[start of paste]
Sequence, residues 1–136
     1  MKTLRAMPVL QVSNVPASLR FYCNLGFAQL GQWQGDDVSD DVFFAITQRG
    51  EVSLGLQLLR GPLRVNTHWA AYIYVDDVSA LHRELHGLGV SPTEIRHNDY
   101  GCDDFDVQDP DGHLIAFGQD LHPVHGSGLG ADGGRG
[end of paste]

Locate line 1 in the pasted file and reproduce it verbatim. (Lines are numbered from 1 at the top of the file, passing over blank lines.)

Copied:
Sequence, residues 1–136